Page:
Essential chronicles of the worst face of the totalitarian state.


Building on his Kolyma Stories (2018), one-time prisoner Shalamov limns the hell that was the Soviet gulag.

The stories gathered here, apparently reportage with a light veneer of fiction to disguise names, open with their author chiding himself for being “thrilled by the ‘heroic’ figures of the criminal world,” adulation befitting an impressionable teenager. For, as Shalamov (1907-1982) writes, there really were criminals in the gulag, not just blameless victims of Stalin. At the head of the hierarchy were the “hereditary thieves,” those who knew no other way than robbery—and who were not to be confused with the amateurs who swelled the ranks of the criminal class following the “dekulakization” of the 1930s. The professionals wield tremendous power: In one of Shalamov’s tales, they threaten the head medical officer at a mine where one of their “godfathers” had been sent with unspecified violence while promising him two suits of clothing if he arranges for a transfer to “a thieves’ place, the Northern Administration.” Indeed, apart from the criminals, many of the figures whom Shalamov profiles are the doctors, nurses, and paramedics who serve the camps, often as inmates themselves; the prisoners tend to make little distinction over titles, so long as they can get a little medicine and perhaps a little time off in the clinic, and even the captors who administer the prison system prefer those doctors to the ones on the outside. There are fascinating sociological side notes, such as the odd fact that the “murderers or thieves” among the gulag’s denizens were fond of the poetry of Sergei Yesenin, “the only poet who was accepted and consecrated by the criminals, who generally altogether disliked poetry.” As in his earlier volume, Shalamov writes matter-of-factly, unblinkingly, about the endless horrors of the gulag, which are scarcely comprehensible.

Essential chronicles of the worst face of the totalitarian state.

Pub Date: Jan. 14, 2020

ISBN: 978-1-68137-367-6

Page Count: 576

Publisher: New York Review Books

Review Posted Online: Dec. 9, 2019

Kirkus Reviews Issue: Jan. 1, 2020

Did you like this book?

No Comments Yet


It's being called a novel, but it is more a hybrid: short-stories/essays/confessions about the Vietnam War—the subject that O'Brien reasonably comes back to with every book. Some of these stories/memoirs are very good in their starkness and factualness: the title piece, about what a foot soldier actually has on him (weights included) at any given time, lends a palpability that makes the emotional freight (fear, horror, guilt) correspond superbly. Maybe the most moving piece here is "On The Rainy River," about a draftee's ambivalence about going, and how he decided to go: "I would go to war—I would kill and maybe die—because I was embarrassed not to." But so much else is so structurally coy that real effects are muted and disadvantaged: O'Brien is writing a book more about earnestness than about war, and the peekaboos of this isn't really me but of course it truly is serve no true purpose. They make this an annoyingly arty book, hiding more than not behind Hemingwayesque time-signatures and puerile repetitions about war (and memory and everything else, for that matter) being hell and heaven both. A disappointment.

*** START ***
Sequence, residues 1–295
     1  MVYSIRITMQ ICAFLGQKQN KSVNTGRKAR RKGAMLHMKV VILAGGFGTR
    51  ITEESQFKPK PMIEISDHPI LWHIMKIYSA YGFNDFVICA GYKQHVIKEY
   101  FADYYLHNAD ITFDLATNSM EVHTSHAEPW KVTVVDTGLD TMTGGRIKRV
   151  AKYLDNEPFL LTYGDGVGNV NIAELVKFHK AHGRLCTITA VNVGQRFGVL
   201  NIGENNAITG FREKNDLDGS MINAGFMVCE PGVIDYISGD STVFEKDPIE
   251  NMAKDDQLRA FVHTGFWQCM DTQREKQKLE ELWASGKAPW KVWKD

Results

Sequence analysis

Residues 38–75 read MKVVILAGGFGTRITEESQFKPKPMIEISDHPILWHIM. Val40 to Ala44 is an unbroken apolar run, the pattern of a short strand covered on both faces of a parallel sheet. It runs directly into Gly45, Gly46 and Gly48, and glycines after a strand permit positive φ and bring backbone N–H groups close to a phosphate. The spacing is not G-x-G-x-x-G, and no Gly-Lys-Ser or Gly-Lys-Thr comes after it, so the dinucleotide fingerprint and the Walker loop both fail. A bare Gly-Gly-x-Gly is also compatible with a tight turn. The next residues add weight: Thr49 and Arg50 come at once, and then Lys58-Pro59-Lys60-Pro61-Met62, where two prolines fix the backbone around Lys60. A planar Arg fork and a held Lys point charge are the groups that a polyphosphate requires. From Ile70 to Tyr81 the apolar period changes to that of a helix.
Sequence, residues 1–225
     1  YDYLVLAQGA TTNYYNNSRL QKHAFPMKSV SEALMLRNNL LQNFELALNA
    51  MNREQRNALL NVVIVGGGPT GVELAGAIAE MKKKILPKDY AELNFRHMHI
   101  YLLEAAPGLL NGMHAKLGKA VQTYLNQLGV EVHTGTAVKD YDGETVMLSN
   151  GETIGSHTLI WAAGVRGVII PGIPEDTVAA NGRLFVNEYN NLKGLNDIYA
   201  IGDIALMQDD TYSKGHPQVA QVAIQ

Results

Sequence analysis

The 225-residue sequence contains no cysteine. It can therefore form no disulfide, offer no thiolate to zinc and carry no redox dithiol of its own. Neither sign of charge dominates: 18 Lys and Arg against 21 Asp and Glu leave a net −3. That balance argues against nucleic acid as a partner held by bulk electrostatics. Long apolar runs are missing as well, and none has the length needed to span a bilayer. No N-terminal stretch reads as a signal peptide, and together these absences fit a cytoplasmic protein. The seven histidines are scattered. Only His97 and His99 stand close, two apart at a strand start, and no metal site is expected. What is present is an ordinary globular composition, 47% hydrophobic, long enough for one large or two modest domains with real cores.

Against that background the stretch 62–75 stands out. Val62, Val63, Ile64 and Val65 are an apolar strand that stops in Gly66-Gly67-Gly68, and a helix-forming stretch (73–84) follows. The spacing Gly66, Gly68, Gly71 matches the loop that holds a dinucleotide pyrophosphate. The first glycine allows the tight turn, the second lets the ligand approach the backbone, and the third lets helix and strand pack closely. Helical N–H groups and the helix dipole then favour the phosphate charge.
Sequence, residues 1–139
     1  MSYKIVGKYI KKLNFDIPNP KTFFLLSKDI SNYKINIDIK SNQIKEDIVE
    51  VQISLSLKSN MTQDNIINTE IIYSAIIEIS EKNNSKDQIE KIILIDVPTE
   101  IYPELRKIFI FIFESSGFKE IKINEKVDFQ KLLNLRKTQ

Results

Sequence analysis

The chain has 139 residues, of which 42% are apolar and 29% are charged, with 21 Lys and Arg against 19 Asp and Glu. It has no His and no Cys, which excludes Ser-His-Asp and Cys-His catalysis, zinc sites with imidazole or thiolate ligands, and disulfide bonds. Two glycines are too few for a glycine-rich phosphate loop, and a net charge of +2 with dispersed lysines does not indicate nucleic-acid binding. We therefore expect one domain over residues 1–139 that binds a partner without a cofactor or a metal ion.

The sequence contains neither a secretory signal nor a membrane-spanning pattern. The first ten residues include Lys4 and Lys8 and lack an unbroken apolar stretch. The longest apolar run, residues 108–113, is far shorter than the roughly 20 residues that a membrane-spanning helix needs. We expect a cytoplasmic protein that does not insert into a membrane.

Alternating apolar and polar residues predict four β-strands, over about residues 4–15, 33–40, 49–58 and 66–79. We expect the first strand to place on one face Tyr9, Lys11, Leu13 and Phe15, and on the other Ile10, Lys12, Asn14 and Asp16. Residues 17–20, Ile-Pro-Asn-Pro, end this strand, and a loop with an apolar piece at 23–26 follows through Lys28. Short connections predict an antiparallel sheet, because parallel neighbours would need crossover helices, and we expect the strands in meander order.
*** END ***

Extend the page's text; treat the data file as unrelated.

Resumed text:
Pub Date: March 28, 1990

ISBN: 0618706410

Page Count: 256

Publisher: Houghton Mifflin

Review Posted Online: Oct. 2, 2011

Kirkus Reviews Issue: Feb. 15, 1990

Did you like this book?

No Comments Yet


Superb stylist L’Amour returns (End of the Drive, 1997, etc.), albeit posthumously, with ten stories never seen before in book form—and narrated in his usual hard-edged, close-cropped sentences, jutting up from under fierce blue skies. This is the first of four collections of L’Amour material expected from Bantam, edited by his daughter Angelique, featuring an eclectic mix of early historicals and adventure stories set in China, on the high seas, and in the boxing ring, all drawing from the author’s exploits as a carnival barker and from his mysterious and sundry travels. During this period, L’Amour was trying to break away from being a writer only of westerns. Also included is something of an update on Angelique’s progress with her father’s biography: i.e., a stunningly varied list of her father’s acquaintances from around the world whom she’d like to contact for her research. Meanwhile, in the title story here, a missionary’s daughter who crashes in northern Asia during the early years of the Sino-Japanese War is taken captive by a nomadic leader and kept as his wife for 15 years, until his death. When a plane lands, she must choose between taking her teenaged son back to civilization or leaving him alone with the nomads. In “By the Waters of San Tadeo,” set on the southern coast of Chile, Julie Marrat, whose father has just perished, is trapped in San Esteban, a gold field surrounded by impassable mountains, with only one inlet available for anyone’s escape. “Meeting at Falmouth,” a historical, takes place in January 1794 during a dreadful Atlantic storm: “Volleys of rain rattled along the cobblestones like a scattering of broken teeth.” In this a notorious American, unnamed until the last paragraph, helps Talleyrand flee to America. A master storyteller only whets the appetite for his next three volumes.

Pub Date: May 11, 1999

ISBN: 0-553-10963-4

Page Count: 288

Publisher: Bantam

Review Posted Online: May 20, 2010

Kirkus Reviews Issue: March 1, 1999

Did you like this book?

No Comments Yet